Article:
Posted on Friday, November 04, 2011
Last weekend I learned my cousin conducted her own title search through county records in the midst of a drawn out property dispute on her property. In these days of foreclosed properties and news related to clear real estate titles we thought it would be interesting to learn more about the title search process.
Here in Naples, I had a chance to meet with Karen Kohler of Access Title to learn more about the title company business so important to us at REALTORS. We asked her – “How does a title search work anyway?” Here is what Karen has to say:
METHODS OF TITLE SEARCHES
There are various methods by which title to a parcel of real property can be examined.
In some areas of the country, title companies or lawyers retained by the customer go directly to the county records when conducting a title search. In others, title companies maintain copies of those records in “title plants,” which are located right in the company’s offices.
In some parts of the country, predominantly in the northeast, the counties’ records are maintained in Grantor/Grantee books that index properties by seller’s and buyer’s names and are laborious to search. In some states, the county real estate records are indexed in a Tract Index similar to a title company’s title plant. A tract index indexes properties by the property location, i.e., lot number, and if reliable, title companies may use them instead of going to the expense of building their own title plants.
Title Plant Examination
The other method of title searching is called the Title Plant Examination. The title examiner makes the search from the company’s title plant records. The plant contains a duplicate of the “public records”, which has been reorganized and indexed in a more useful fashion. This means that once the searcher locates the property, the searcher has instant access to all instruments affecting that property.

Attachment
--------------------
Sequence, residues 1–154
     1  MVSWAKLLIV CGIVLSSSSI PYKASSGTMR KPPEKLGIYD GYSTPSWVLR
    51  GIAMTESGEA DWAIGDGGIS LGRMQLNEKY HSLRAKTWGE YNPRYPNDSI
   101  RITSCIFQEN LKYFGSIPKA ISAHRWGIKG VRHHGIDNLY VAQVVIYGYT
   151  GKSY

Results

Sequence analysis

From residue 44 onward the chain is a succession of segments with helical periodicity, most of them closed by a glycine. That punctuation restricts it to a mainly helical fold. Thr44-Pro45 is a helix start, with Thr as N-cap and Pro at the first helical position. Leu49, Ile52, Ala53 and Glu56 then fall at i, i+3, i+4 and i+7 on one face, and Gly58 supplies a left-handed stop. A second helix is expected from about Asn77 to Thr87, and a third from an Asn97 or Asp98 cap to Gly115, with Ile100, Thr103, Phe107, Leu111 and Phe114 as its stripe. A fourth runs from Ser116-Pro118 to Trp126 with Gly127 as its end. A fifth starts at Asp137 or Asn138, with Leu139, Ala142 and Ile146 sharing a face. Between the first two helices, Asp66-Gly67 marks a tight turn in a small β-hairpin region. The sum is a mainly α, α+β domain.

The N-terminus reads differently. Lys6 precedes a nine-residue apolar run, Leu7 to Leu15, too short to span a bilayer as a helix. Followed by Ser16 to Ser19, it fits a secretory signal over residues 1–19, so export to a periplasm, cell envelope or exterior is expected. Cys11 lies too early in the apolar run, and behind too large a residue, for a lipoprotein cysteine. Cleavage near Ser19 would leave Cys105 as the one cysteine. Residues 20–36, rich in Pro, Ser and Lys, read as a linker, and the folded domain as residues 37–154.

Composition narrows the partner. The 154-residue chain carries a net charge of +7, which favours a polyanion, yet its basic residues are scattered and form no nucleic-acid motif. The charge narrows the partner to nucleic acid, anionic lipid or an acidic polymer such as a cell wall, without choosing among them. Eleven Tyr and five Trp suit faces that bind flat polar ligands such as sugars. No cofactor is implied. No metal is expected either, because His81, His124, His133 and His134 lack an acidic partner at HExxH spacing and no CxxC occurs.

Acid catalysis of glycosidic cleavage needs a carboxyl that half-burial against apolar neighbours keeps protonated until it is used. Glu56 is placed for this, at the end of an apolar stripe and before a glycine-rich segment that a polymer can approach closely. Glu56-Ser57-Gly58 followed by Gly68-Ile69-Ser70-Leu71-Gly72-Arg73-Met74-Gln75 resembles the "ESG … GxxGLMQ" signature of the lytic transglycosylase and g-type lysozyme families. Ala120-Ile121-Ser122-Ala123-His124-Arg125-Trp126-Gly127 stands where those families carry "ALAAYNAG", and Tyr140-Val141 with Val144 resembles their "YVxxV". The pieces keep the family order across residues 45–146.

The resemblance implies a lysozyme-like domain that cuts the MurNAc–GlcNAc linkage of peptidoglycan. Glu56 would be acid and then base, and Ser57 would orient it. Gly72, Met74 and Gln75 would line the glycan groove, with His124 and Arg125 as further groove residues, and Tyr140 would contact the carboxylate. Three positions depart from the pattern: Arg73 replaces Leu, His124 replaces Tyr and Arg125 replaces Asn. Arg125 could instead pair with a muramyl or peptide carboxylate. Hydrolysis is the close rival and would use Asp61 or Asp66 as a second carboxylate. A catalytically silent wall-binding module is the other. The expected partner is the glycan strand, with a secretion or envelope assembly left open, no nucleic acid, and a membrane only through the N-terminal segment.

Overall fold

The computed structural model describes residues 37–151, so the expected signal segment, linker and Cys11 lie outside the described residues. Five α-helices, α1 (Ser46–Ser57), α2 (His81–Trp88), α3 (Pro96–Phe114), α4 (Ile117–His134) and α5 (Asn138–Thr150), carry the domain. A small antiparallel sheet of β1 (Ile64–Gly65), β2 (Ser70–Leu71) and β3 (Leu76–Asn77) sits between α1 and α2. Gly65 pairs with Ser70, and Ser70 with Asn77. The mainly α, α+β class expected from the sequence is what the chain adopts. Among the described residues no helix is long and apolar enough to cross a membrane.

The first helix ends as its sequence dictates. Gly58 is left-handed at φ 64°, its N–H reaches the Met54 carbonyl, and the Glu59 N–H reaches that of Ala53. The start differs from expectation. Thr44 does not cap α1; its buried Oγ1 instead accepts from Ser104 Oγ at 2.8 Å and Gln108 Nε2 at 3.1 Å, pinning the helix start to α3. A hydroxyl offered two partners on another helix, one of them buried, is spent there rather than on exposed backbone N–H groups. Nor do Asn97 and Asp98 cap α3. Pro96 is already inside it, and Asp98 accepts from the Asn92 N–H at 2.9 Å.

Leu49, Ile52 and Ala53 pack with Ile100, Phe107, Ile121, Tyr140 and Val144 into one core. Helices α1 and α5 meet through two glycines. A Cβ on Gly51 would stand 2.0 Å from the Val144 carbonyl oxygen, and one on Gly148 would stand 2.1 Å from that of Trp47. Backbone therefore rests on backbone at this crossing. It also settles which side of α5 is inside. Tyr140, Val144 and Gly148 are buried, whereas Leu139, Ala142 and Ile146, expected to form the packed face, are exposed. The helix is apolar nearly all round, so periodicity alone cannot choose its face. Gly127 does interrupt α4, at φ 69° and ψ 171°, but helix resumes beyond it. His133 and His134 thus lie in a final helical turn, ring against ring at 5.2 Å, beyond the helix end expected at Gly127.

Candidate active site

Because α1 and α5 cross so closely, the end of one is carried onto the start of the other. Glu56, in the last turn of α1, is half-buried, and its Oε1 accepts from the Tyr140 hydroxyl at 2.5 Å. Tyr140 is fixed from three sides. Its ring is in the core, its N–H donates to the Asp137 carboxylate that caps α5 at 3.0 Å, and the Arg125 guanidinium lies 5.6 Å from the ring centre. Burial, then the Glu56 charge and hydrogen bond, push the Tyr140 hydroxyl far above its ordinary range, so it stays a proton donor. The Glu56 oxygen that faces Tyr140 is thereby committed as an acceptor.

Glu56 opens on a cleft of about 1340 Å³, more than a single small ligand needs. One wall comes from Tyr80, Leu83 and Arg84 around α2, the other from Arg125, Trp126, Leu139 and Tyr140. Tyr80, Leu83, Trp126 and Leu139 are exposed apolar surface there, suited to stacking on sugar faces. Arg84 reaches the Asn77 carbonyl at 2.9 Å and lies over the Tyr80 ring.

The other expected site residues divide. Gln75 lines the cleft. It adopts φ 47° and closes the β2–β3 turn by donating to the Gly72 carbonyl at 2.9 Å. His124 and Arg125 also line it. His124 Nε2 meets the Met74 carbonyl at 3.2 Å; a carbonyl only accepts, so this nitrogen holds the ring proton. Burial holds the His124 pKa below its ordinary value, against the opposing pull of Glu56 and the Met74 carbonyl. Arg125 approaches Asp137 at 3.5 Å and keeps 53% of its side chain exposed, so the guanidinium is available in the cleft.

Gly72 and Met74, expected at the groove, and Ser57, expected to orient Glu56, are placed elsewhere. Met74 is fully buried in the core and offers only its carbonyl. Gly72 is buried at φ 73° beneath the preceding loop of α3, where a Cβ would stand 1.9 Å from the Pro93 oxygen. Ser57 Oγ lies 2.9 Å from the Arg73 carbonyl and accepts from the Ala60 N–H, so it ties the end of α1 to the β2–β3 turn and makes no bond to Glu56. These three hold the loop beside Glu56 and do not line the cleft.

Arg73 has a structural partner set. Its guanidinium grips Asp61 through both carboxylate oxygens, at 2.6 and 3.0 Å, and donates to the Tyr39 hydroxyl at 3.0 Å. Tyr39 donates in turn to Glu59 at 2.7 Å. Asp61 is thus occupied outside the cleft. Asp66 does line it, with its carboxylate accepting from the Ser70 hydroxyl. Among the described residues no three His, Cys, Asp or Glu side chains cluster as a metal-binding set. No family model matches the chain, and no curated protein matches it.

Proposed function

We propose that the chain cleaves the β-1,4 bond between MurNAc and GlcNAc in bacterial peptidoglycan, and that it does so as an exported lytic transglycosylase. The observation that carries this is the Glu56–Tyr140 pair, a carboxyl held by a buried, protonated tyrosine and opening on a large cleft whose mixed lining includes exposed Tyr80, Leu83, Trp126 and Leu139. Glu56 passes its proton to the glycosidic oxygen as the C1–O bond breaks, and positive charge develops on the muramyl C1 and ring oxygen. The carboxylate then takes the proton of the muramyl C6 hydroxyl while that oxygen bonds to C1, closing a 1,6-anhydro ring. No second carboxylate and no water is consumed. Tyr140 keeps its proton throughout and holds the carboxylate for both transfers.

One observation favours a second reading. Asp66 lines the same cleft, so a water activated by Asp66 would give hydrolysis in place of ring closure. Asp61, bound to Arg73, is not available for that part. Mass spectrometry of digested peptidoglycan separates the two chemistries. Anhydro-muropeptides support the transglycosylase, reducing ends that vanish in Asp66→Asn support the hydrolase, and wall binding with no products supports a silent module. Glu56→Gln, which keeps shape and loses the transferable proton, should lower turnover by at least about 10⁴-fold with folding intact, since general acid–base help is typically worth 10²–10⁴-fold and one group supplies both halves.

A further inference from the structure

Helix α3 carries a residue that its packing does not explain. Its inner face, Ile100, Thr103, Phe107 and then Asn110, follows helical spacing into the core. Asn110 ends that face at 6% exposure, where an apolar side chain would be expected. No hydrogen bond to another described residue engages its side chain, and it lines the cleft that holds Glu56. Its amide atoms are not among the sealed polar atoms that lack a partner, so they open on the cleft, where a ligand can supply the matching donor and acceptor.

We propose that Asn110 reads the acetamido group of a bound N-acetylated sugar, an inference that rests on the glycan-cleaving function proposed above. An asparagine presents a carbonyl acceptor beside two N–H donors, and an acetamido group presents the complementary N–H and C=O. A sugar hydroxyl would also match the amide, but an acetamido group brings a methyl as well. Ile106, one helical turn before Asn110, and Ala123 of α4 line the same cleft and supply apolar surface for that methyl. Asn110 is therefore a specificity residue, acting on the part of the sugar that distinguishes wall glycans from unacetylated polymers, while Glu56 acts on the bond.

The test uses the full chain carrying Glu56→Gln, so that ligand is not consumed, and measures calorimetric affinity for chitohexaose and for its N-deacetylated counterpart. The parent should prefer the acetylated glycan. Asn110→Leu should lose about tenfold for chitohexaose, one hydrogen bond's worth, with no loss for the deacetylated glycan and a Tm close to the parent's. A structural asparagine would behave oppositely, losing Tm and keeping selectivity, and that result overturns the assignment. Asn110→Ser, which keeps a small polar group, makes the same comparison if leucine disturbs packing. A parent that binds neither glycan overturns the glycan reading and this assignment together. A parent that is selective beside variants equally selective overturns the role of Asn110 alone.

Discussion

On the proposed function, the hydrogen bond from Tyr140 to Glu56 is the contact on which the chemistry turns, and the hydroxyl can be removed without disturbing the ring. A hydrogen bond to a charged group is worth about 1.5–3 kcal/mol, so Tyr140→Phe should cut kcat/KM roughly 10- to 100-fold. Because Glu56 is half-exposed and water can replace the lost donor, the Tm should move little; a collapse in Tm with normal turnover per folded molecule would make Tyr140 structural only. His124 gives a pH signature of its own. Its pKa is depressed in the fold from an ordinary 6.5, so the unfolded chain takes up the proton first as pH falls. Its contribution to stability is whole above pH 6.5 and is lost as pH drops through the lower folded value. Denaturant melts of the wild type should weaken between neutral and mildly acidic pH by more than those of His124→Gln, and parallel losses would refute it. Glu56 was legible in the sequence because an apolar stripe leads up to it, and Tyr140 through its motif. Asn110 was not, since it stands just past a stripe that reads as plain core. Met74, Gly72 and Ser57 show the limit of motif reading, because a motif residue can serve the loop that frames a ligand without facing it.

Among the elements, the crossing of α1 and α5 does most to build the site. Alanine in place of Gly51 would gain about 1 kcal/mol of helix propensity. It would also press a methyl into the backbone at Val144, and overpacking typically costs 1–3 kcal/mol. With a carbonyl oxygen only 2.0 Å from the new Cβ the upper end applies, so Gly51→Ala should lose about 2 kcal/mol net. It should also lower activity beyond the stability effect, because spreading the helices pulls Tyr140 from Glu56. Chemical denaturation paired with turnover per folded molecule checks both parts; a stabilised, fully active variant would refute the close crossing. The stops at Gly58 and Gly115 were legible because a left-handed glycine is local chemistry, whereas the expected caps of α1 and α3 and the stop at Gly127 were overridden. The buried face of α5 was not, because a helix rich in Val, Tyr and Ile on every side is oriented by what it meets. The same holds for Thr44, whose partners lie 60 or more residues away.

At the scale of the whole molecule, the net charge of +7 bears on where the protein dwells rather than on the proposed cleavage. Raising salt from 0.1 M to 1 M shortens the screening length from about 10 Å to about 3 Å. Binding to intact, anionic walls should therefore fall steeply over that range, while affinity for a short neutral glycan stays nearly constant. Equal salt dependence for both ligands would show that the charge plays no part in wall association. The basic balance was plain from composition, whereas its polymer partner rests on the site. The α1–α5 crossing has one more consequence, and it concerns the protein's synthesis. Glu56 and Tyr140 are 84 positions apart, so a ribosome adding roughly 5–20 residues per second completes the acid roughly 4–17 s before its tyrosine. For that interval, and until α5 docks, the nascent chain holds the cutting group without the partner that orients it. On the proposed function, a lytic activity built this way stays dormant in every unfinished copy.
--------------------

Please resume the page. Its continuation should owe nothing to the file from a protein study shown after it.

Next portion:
This method of title search has been used in most metropolitan areas since the advent of title insurance. It requires that the title insurer or its agent own a title or abstract plant.
When the search is completed, copies of all pertinent documents, tax searches, name searches, etc., are sent to a title officer. It is the officer’s responsibility to examine those items and arrive at a conclusion as to who owns the property and what encumbrances or defects exist. The officer may also set out certain requirements to clear up any problems disclosed by the search and examination.
Thank you Karen! Stay tuned for future writings about Title Insurance and its meaning for our Naples real estate clients right here at Naples Best Addresses.
And as always … tell us what you think! What are you seeing in the title search area?
No legal advice or suggestions are being given in this Blog and the writing of this Blog are intended for the sole use of our clients.
Mark Goebel, PA is a REALTOR with Coldwell Banker on 5th avenue in Naples, Florida with 35+ years of visiting and living in Naples. After 25 years at Accenture, Mark retired as a managing director and spends his time helping non profits and building a Naples real estate team with his wife Nan. Talk to Mark and Nan about life in Naples and why they chose this place to live full time over all others.
Mark Goebel, PA